underrepresented. Ambitions routinely outstrip budgets. Assumptions about what digital teams “look” like from an org-chart perspective don’t cover the full diversity: digital teams look
very different from one another! Forrester Research model of Digital Maturity seems to be the closest measure of digital maturity in GLAM institutions, but has flaws (mostly relating to
its focus in the commercial sector): what’s interesting is that digital maturity seems to correlate to structure – decentralised less mature than centralised less mature than
hub-and-spoke less mature than holistic.
Jennifer Wexler, Daniel Pett, Chiara Bonacchi on Diversifying Museum Audiences through Participation and stuff. Crowdsourcing boring data entry tasks is sometimes easier than asking
staff to do it, amazingly. For success, make sure you get institutional buy-in and get press on board. Also: make sure that the resulting data is open so everybody can
explore it. Crowdsourcing is not implicitly democratisating, but it leads to the production of data that can be. 3D prints (made from 3D cutouts generated by crowdsourcing) are a useful
accessibility feature for bringing a collection to blind or partially-sighted visitors, for example. Think about your audiences: kids might love your hip VR, but if their parents hate
it then you still need a way to engage with them!
History of Science Museum, Broad St, Oxford OX1 3AZ, United Kingdom.
My favourite Oxford museum! Fascinating collections and imaginative exhibitions. Space is a little tight (especially when the tourists are out and about) and the disabled access lift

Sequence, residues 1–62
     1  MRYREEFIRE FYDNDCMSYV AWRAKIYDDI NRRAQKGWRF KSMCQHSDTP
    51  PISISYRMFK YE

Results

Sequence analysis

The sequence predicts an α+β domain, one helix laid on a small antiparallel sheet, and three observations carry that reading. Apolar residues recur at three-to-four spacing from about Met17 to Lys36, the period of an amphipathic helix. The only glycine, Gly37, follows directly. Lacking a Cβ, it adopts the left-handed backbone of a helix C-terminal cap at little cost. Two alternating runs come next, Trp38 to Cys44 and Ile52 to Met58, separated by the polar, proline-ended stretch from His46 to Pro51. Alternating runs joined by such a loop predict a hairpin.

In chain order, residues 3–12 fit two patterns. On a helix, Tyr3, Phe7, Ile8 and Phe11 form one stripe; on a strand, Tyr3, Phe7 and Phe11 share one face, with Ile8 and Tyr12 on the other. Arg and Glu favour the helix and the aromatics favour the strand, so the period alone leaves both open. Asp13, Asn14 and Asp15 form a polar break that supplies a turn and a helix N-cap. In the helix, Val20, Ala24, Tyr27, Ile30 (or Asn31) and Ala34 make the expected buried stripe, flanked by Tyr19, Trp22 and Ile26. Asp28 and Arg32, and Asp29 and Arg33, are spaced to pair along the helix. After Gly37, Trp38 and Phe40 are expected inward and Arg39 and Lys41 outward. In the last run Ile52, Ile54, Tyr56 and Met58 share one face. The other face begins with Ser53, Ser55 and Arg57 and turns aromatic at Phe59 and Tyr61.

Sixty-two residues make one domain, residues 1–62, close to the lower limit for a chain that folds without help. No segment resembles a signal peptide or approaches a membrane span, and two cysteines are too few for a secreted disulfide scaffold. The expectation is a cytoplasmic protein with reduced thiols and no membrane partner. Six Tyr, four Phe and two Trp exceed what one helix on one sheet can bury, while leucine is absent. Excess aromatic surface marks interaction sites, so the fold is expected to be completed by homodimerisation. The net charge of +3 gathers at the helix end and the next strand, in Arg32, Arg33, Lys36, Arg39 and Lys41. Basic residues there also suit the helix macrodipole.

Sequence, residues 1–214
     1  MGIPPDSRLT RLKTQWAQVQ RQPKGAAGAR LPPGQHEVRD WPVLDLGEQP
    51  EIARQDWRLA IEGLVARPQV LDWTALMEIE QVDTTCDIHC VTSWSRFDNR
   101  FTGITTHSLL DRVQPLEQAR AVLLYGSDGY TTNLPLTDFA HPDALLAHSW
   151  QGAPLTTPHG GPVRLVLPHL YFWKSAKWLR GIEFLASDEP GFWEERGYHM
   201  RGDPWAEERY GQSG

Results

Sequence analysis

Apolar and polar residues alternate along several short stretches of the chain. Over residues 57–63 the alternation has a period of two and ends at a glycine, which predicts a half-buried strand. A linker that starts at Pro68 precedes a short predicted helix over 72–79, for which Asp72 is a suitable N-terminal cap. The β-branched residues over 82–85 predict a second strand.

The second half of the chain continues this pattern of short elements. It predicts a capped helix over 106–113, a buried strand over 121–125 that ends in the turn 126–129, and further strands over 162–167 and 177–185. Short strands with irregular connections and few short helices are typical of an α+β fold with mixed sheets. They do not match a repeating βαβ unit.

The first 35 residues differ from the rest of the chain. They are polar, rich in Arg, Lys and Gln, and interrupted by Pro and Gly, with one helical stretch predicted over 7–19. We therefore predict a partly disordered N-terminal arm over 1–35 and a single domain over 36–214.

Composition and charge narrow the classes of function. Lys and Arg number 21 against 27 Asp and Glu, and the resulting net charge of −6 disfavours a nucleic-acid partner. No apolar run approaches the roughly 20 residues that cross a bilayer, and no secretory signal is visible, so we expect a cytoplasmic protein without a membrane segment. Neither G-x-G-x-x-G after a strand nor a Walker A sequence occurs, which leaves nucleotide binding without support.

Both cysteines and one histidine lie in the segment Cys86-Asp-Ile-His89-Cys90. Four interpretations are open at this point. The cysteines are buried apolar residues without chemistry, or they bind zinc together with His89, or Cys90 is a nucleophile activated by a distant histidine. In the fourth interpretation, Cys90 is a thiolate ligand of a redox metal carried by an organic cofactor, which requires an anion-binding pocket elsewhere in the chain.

seems to be broken more often than not, but so long as you can manage the stairs this Oxford gem promises to show you more about how science USED to be done than you ever thought
When I was younger, I thought that magic was all about secrets. I’ve since changed my mind. Twice.
That the secret of magic is secrets isn’t an unreasonable assumption. We all know that magicians famously don’t reveal how their tricks work, so it feels like the secrecy
is what makes magic… magical. When as a kid I watched Paul Daniels make an elephant disappear on his (oh-so 1980s) TV show, and I remember being struck by the fact that he must be privy to
some kind of guarded knowledge, and my school friends and I would speculate wildly as to what it was. I saw the same kind of speculation when Derren Brown predicted the lottery a few years back: although the age of
the Internet changed the nature of the discussion, making them more global and perhaps more-cynical (not helped, perhaps, by Derren’s “explanation”).
But as time went on, I came to learn that the key to magic isn’t secrets.